President Biden has adopted the admonition used by many after Haiti’s earthquake in 2010: “build back better,” which has always sounded good. But I’ve been tracking earthquakes and hurricanes for over 20 years, and to this day can’t point to any substantive application of “building back better,” especially with regards to housing. Can you? This is painful to observe, especially when a resilient framing system is now available. It is called the HabiTek System.
I brought up HabiTek’s benefits in a blog back on October 21, 2019 titled “START FROM SCRATCH – USE STEEL.” It was written in reaction to Hurricanes Irma and Maria back in 2017, which impacted several Caribbean islands, especially Puerto Rico. By the way, engineering for hurricanes meets the same code requirements as designing for earthquakes.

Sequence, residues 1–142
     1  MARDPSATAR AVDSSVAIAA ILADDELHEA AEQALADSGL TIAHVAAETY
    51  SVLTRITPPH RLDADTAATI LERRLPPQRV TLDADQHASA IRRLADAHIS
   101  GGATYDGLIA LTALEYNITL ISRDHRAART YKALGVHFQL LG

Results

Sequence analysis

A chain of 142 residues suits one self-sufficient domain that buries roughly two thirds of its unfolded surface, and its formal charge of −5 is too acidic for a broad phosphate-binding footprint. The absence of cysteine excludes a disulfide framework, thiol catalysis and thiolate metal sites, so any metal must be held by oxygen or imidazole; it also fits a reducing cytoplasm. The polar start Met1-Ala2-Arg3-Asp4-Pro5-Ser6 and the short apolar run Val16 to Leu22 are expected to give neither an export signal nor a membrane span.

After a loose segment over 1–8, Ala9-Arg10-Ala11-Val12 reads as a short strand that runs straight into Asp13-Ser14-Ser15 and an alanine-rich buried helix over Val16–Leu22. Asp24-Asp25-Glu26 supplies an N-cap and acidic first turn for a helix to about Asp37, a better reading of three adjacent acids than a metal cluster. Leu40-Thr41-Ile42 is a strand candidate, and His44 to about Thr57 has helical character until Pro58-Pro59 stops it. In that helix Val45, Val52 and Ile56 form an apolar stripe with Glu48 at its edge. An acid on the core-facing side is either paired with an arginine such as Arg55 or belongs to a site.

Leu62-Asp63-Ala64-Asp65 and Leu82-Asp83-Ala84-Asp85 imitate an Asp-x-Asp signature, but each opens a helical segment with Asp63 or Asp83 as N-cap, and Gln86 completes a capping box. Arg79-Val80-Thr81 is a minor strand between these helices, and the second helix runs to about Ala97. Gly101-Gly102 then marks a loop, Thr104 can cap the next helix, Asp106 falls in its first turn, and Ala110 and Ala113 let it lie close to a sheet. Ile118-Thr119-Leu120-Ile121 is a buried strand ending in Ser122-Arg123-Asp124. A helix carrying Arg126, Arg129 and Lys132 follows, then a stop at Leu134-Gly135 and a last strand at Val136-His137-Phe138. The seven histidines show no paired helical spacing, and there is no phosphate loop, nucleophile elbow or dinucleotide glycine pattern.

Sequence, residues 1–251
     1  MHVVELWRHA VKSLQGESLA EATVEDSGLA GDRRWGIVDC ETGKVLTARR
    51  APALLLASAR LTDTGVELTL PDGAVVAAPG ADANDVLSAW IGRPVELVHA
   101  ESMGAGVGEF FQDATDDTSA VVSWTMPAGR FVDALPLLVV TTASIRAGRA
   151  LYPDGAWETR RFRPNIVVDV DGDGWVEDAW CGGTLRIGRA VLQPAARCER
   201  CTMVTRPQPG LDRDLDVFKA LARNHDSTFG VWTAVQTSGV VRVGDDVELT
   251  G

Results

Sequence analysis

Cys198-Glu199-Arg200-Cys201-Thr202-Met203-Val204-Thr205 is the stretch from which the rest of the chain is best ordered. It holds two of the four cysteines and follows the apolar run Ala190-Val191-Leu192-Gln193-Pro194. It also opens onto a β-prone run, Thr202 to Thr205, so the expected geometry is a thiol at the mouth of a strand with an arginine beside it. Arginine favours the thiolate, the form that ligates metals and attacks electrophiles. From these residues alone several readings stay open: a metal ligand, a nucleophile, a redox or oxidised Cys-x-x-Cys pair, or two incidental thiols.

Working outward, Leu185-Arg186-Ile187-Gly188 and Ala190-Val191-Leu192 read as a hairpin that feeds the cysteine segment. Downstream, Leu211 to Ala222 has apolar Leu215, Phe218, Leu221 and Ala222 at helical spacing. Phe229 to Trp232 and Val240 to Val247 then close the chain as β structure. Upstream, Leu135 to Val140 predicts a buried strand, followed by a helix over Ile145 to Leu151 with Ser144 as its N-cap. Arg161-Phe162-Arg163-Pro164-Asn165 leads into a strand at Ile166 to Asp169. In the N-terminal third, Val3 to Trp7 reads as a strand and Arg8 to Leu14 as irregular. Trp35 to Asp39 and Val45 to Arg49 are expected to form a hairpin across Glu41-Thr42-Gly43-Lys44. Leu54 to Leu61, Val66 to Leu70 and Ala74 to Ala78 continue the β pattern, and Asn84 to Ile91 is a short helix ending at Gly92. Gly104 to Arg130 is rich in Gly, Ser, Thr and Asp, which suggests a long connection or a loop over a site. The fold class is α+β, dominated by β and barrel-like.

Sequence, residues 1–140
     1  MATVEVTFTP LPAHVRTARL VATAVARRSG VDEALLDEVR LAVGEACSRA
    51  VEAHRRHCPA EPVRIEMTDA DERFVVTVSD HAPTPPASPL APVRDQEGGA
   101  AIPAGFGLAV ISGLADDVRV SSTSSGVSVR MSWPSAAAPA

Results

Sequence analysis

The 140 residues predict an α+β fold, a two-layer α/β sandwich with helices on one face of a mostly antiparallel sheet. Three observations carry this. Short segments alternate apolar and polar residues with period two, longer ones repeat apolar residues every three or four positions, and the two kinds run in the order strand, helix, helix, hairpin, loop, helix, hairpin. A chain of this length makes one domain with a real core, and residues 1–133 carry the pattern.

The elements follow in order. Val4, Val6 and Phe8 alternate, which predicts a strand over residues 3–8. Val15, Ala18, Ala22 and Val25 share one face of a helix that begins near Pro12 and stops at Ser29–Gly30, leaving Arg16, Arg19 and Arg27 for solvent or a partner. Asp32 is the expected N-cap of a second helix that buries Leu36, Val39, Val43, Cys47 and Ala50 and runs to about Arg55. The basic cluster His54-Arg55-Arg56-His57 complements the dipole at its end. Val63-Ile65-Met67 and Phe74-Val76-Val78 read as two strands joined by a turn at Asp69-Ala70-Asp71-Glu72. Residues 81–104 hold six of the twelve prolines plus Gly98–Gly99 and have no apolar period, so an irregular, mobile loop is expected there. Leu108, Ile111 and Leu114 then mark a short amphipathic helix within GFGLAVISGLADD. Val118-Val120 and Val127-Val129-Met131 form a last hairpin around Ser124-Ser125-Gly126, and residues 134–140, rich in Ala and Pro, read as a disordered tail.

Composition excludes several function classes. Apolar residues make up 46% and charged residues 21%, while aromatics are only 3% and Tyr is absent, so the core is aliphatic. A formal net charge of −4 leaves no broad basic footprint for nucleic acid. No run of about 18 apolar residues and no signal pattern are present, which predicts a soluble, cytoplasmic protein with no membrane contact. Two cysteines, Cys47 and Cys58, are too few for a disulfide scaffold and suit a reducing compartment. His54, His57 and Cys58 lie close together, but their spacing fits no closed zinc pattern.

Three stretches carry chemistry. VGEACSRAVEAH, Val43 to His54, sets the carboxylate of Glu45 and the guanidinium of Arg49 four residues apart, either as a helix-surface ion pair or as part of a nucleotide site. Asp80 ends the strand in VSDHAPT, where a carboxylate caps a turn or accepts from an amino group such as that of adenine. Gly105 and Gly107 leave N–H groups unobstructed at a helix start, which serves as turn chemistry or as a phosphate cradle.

Ida’s destruction of Grand Isle, LA, ©CNN
Last month was certainly a tragic one for disasters: the 7.2 earthquake in Haiti on August 14th and Cat. 4 Hurricane Ida in southern Louisiana and Mississippi on August 29th. The latter proceeded northward to New Jersey, New York, and Pennsylvania as a tropical storm causing severe flooding and killing around 52 people. Ida was proceeded last year by Hurricanes Laura and Delta, both Cat. 4 storms, and both struck in and around Lake Charles, Louisiana. This area is a long way from recovering. But the question still remains, what building material to use for the recovery and how best to employ it.
An excellent discussion on resilient building materials can be found in a White Paper prepared by the American Institute of Steel Construction (AISC) in 2017, titled “The Impact of Material Selection on the Resilience of Buildings.” This essay clearly describes why steel framing is stronger and able to withstand earthquakes and hurricanes (even Cat. 4 & 5) if, of course, properly pre-engineered by design professionals.